When the Pharisees saw this, they asked his disciples, "Why does your teacher eat with tax collectors and 'sinners'?" ~~Matthew 9:11 NIV
When Jesus saw Matthew, a tax collector, working in his booth, He commanded Matthew to follow Him. Jesus then ate dinner at Matthew's house. Nobody wanted to be associated with a tax collector because they were sinners. Tax collectors commonly took more than what was owed so they could pocket the excess.
The Pharisees criticized Jesus for this act. According to Harper's Bible Dictionary, Pharisee in Hebrew means "separate ones." Also, "The Pharisees were zealous observers of the law, prominent among the people and especially concerned with ritual purity, tithing, food according to OT [Old Testament] law, and correct observance of Sabbath." Therefore, the Pharisees were deemed self-righteous hypocrites.
What do Pharisees have to do with Christians? Last week, I listened to a recording of a well-known public speaker and author. When he described his faith, he described it as "a follower of Jesus who believes the Bible reveals the Truth." Then he went on to say that he does not call himself a Christian.
Why? Isn't a Christian one who believes in the teachings of Jesus who is the way, the truth, and the life and the only means to the Father? His explanation, unfortunately, did not shock me but took my mind to a place it hadn't thought of before. He stated:
"The term 'Christian' means different things to many different people, and lots of them are bad. These negative connotations have been rightly earned. Some of the greatest atrocities ever visited upon mankind have been done so by so-called 'Christians' and in the name of Jesus. So, when you say the word 'Christian,' there is no telling what it means to the particular person you are talking to."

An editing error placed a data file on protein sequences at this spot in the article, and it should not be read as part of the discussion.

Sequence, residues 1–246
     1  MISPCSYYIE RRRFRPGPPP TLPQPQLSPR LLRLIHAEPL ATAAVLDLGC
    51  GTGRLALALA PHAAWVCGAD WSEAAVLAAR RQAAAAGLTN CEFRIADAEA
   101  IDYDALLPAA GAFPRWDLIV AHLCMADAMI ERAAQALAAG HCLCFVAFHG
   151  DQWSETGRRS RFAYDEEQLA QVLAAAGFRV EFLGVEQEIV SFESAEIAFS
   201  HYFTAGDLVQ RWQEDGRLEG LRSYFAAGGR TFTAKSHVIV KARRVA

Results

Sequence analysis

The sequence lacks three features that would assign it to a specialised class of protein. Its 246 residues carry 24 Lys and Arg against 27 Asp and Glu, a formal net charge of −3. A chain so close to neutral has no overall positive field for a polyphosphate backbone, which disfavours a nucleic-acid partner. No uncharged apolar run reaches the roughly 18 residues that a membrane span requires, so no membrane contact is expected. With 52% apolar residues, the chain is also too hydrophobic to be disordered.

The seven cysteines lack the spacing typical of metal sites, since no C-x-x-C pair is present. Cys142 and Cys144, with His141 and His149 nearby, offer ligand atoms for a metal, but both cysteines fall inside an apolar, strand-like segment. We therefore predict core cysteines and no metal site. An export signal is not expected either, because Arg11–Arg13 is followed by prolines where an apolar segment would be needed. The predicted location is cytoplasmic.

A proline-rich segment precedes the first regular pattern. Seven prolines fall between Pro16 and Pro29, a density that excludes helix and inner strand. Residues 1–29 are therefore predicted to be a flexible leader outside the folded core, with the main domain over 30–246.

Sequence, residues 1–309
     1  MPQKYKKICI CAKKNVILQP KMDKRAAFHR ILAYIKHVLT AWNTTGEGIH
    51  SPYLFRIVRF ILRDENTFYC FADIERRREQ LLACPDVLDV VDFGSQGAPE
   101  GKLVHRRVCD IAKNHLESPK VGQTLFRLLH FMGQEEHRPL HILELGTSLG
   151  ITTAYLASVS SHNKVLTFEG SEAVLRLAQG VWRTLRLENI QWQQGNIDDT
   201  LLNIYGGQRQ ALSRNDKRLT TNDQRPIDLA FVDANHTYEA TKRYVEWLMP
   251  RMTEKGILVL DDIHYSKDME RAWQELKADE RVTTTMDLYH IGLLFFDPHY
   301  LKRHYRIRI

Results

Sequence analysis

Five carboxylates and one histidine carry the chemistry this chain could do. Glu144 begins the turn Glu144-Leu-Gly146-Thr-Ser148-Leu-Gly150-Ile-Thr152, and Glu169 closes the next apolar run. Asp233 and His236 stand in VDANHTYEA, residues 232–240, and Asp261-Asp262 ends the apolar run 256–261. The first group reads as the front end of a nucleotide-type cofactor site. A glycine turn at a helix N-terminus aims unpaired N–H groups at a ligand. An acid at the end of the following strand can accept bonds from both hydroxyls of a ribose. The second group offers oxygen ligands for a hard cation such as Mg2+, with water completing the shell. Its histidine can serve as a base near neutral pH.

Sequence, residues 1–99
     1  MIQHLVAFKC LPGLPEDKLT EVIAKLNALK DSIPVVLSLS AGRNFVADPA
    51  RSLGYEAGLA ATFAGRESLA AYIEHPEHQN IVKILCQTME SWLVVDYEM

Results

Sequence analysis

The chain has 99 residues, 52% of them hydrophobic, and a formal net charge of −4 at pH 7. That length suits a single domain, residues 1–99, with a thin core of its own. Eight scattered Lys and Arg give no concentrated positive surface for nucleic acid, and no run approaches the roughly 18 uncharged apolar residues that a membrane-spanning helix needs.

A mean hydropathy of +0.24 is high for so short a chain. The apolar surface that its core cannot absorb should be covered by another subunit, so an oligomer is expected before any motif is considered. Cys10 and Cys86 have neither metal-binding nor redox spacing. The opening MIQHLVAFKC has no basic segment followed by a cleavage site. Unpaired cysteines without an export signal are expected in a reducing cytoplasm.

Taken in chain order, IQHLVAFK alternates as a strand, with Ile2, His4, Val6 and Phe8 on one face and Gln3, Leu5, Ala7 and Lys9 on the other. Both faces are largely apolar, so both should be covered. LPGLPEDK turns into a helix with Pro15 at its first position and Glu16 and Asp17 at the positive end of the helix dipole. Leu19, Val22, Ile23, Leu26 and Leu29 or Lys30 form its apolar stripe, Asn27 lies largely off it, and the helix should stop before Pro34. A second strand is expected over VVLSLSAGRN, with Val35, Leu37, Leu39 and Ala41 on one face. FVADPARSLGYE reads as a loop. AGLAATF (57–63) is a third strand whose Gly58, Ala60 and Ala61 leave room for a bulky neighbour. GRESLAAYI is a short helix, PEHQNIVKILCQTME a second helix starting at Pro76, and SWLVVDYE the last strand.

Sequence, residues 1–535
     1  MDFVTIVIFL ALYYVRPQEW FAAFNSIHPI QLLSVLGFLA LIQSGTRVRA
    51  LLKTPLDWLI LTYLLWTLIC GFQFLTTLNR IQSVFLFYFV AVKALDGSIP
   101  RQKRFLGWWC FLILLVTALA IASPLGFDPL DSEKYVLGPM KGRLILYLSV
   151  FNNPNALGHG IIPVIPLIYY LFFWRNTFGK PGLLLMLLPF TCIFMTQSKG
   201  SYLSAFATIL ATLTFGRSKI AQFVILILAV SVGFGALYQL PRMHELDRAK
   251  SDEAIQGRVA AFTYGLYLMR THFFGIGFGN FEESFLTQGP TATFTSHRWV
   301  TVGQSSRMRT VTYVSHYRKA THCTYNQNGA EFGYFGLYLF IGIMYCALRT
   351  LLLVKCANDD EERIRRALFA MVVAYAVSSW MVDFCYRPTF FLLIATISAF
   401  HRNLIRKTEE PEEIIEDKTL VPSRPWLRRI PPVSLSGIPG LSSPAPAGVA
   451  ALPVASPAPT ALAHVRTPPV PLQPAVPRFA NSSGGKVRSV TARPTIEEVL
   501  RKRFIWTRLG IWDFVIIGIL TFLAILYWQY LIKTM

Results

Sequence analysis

What does "Christian" mean to the person we're talking to? Unfortunately, the truth is lots of people, including myself, have been hurt by well-meaning Christians. As a fellow believer, I feel like I have judged other Christians rather easily if they did not think like me or held the same doctrinal beliefs. And other Christians have judged me for my views not lining up with theirs.
Beth Moore explains there are spine issues, such as Jesus Christ born of a virgin, lived a sinless life, crucified for our sins, and resurrected and lives today. Then there are the rib issues that we need not argue over, such as music.
If there is much disunity among the believers, how do the unbelievers see Christians? I read an article on the internet by a homosexual who felt judged and condemned by the Christian community. How often do we preach "love the sinner, but hate the sin" but we don’t live it out. The message my pastor shared yesterday was not to treat the person any differently than you want to be treated. We ALL sin.
Jesus enjoyed his dinner with Matthew, the tax collector and the Pharisees criticized him for it. Here's how he replied:
On hearing this, Jesus said, "It is not the healthy who need a doctor, but the sick. But go and learn what this means: 'I desire mercy, not sacrifice. For I have not come to call the righteous, but sinners." ~~ Matthew 9:12-13 NIV
The Lord desires us to be merciful, gracious and kind to others no matter what their status. Love draws people to Christ, not condemnation and criticism. I do not intend to imply that all Christians have turned into Pharisees, but looking at the broader scope do Christians appear to others like self-righteous hypocrites? Then we are Pharisaical Christians.
Whether you use the term "Jesus follower" or "Christian," join me this week in loving others like Jesus loves. He sat down with the sinners without criticizing them. Let's be merciful and gracious to one another--believers and unbelievers.
Note: To listen to the recording I referred to in the text above, click this link.